For once, there comes a book that lives up to its cover hype and more!

At 640 pages and over 900 color and blackand-white pho­to­graphs printed on glossy pages, this is, in­deed, the book on the famed Martin B-26 medium bomber, and in my view, the very best one to date as well.

This stel­lar pro­duc­tion is all the more re­mark­able in that the author does not men­tion hav­ing con­sulted the Glenn L. Martin Mary­land Avi­a­tion Mu­seum, Inc. of Mid­dle River, MD/USA at all, in­deed, as con­firmed for me as well by its long­time Ar­chiv­ist Stan Piet of Bel Air: “The author didn’t con­tact us for any­thing, so I’m cu­ri­ous about the pub’s con­tent.” So was I!

Rather, the author re­lies upon The Ma­rauder Ar­chives at Akron and Tuc­son, as well as on US Air Force files and records, plus was given ac­cess to the data of famed B-26 de­signer Pey­ton Ma­gruder.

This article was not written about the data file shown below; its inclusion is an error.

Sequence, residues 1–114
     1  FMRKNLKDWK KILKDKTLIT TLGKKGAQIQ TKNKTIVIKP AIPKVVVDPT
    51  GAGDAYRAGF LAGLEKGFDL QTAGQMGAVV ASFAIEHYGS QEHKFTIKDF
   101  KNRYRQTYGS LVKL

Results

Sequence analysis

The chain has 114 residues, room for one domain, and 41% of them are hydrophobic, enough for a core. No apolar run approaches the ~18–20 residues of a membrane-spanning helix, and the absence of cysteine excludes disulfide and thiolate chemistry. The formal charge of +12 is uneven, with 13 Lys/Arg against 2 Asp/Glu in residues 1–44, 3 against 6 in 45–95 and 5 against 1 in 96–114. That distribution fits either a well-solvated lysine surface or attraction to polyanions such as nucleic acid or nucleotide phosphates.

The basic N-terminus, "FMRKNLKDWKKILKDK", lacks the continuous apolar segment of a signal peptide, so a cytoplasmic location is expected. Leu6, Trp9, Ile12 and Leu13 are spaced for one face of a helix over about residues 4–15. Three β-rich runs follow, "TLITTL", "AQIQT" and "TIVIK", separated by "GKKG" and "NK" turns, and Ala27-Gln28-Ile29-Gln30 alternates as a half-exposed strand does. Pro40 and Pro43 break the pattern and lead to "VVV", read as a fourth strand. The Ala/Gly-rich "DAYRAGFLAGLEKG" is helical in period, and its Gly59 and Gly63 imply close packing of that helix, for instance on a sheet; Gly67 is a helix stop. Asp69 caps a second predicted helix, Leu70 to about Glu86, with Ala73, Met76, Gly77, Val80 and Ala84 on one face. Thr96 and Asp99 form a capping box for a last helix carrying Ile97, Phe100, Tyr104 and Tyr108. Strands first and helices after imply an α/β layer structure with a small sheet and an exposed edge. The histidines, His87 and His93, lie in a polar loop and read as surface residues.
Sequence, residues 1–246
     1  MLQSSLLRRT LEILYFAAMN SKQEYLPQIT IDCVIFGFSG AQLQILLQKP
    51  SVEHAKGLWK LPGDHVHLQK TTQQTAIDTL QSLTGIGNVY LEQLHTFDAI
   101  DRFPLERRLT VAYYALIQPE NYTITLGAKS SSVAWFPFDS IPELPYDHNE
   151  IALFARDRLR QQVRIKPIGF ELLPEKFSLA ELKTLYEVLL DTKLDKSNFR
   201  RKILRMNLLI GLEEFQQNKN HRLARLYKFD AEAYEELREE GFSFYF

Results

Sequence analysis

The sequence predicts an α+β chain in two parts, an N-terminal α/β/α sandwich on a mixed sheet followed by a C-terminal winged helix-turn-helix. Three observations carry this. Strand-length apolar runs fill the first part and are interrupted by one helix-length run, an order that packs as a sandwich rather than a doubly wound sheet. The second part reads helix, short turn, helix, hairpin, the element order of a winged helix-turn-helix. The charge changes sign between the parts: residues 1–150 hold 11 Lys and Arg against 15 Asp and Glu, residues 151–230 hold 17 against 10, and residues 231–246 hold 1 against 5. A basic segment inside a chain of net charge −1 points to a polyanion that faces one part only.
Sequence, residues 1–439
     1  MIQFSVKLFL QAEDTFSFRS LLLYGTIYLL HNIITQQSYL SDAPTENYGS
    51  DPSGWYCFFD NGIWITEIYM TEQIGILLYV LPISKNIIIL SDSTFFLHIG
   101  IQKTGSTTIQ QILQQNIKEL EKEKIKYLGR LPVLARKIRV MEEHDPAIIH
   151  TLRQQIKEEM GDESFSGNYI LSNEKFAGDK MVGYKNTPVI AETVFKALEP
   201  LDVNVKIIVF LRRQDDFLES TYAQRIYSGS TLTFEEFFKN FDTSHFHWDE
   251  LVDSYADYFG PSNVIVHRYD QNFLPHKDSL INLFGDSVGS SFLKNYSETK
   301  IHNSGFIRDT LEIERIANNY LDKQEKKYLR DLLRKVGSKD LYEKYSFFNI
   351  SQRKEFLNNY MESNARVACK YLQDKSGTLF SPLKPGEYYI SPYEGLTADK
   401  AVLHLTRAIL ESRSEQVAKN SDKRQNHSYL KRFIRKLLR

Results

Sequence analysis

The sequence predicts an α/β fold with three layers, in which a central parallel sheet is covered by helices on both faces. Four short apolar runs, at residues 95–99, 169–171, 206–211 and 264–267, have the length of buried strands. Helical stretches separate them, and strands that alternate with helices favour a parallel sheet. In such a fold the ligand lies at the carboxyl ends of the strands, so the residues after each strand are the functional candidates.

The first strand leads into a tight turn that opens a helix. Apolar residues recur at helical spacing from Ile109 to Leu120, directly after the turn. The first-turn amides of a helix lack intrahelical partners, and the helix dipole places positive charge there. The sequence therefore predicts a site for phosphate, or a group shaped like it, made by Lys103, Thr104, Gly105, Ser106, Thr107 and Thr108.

This great saga thus opens with a bi­og­ra­phy of “Mr. Martin” as his for­mer em­ploy­ees still called him in 1986 when I be­gan my own re­searches into, “The man, his air­craft, and the com­pany he built.”

This per­cep­tive ac­count ad­mits that he was, most likely, gay in his sex­ual ori­en­ta­tion. So what? He was also a “mama’s boy” and he made avi­a­tion his­tory, and pro­vided em­ploy­ment for thou­sands, es­pe­cially here in Mary­land.

Next comes De­sign and Pro­cure­ment, fol­lowed by Pro­duc­tion. Fol­low­ing that, the author delves into ev­ery sin­gle as­pect of the air­craft from start to fin­ish, in­clud­ing GLM’s epic bat­tle with the US Se­na­to­rial Tru­man Com­mit­tee of World War II, a sin­gu­lar topic that pre­vi­ous Martin au­thors have tended to skirt.

It is to this writer’s credit that he does not, and for that I com­mend him.

In sum, if you’re at all in­ter­ested in this con­tro­ver­sial war­plane, this is the book for you, so don’t miss it!

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